February 27, 2012
by Soo-Siang Lim, Ph.D, Program Director and Chair of Coordinating Committee, Science of Learning Centers Program, National Science Foundation
Soo-Siang Lim. Photo courtesy of Dr. Lim
The National Science Foundation established the Science of Learning (SLC) Program in 2003 in order to advance our understanding of how people, other animals and machines learn. In recognition of the complexities associated with the study of learning, the program provides support for the establishment of research centers.
The purpose of a center is to provide intellectual, organizational, and physical infrastructure to enable experts from different disciplines to work together—to address problems of the scope, scale, and complexity that require resources beyond what is available to individual investigators or small groups.
The goals of the SLC Program are to advance the science of learning through integrated, interdisciplinary research; to connect the research to specific scientific, technological, educational, and workforce challenges; and to enable research communities to capitalize on new opportunities and discoveries that enable them to respond to new challenges.
Engagement in life-long learning is an integral part of human development. Experiencing the arts is enriching, and arts learning (music, visual arts/drawing, dance and theater) provides multiple pathways for maximizing human potential through creative expression of one’s experiences with the world. Not surprisingly, there is considerable interest in understanding how people learn the arts (including music, visual arts/drawing, dance and theater), how they become experts in these areas, and whether exposure and training in the arts enhance abilities in other domains such as mathematics and language, in other life skills such as creativity and problem solving, and in improving overall well-being.
There is opportunity to build on the momentum of interest and to capitalize on advances in technologies that allow for rigorous experimentation to achieve a better understanding of the neural and cognitive underpinnings of arts learning. For a variety of reasons, the studies to date tend to be scattered, limited by small size of study populations, are mostly correlational in nature, and are not usually published in mainstream scientific journals. There is little systematic work on the issue of transfer from arts learning to enhancement in other areas of human activity and development, from early childhood, adolescence, adulthood to older adults. The breadth and complexity of challenges have been significant, and new strategies are warranted to achieve a more coherent and deeper understanding of arts learning.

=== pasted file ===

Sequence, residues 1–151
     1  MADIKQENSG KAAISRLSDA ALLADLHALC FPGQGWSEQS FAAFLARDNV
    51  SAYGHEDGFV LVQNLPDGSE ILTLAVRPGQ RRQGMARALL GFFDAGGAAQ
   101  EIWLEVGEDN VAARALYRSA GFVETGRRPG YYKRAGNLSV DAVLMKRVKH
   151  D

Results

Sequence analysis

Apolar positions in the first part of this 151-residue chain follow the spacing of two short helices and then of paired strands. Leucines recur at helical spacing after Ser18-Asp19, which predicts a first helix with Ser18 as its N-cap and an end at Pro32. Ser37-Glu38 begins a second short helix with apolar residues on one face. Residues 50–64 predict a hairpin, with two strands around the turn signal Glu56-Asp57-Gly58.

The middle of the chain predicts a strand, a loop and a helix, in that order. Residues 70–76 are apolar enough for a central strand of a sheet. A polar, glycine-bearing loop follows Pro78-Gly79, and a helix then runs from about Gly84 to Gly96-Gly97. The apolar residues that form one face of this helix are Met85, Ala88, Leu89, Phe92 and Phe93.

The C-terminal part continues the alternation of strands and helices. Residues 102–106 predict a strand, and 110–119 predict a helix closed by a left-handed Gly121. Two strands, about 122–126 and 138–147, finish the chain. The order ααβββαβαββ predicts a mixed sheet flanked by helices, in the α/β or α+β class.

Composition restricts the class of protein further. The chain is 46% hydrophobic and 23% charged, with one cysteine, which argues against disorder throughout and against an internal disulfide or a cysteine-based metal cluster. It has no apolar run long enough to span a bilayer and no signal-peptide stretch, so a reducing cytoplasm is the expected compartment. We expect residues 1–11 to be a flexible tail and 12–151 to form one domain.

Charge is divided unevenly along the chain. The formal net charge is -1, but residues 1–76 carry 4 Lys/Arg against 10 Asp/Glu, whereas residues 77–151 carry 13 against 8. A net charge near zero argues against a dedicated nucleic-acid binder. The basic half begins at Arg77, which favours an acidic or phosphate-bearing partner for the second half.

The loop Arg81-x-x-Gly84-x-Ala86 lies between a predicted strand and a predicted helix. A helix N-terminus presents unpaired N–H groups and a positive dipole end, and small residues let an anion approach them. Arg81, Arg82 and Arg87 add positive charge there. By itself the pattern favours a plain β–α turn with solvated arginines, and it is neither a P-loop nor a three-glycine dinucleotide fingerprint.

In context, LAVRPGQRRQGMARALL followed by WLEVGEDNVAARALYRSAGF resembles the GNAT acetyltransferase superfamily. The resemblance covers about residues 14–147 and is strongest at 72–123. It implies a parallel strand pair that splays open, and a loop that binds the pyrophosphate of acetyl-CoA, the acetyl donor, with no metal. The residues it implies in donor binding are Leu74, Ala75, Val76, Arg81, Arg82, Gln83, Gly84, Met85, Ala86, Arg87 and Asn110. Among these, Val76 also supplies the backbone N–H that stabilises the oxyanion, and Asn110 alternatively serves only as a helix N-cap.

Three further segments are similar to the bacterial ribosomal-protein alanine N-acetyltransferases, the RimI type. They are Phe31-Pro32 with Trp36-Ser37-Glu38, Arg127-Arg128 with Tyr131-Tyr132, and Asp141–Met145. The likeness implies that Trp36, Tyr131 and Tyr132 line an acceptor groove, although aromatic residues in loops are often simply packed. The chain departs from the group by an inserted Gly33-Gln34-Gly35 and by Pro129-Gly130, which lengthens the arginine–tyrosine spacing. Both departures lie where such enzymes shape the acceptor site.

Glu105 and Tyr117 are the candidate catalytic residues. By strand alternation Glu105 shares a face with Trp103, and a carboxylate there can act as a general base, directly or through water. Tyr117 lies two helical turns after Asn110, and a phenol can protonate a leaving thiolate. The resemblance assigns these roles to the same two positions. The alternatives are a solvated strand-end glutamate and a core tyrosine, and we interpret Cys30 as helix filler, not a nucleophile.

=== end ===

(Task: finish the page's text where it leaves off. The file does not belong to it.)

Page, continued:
The establishment of the federal interagency task force in arts and human development is timely and an important step forward to coordinate the interests of several agencies in arts and human development. As a member of this Task Force representing the National Science Foundation, I look forward to sharing information about NSF’s investments in research about arts learning and education, as well as the integration of the arts with other science, technology, and engineering efforts.
This Wednesday, the NEA Federal Interagency Task Force on the Arts and Human Development will host a live webinar featuring a presentation on The Gamelan Project and collaboration between an ethnomusicologist/composer and neuroscientists that explores cognitive development. The webinar takes place Wednesday, February 29, 2012, 2:00 – 3:00 p.m., EST.
The webinar is free and open to the public. No registration is required. To join the webinar, go to http://artsgov.adobeconnect.com/artsdev1/ and check the “Enter as Guest” button. Type in your name and click hit “Enter Room” to join. Visit our News Room to learn more about the Interagency Arts & Human Development Taskforce.
Sign up for notices of future NEA Task Force Webinars at email@example.com
Tags: Art Works, Arts and Human Development, Arts and Human Development Taskforce, National Endowment for the Arts, National Science Foundation, NEA, Science of Learning Centers program, Soo-Siang Lim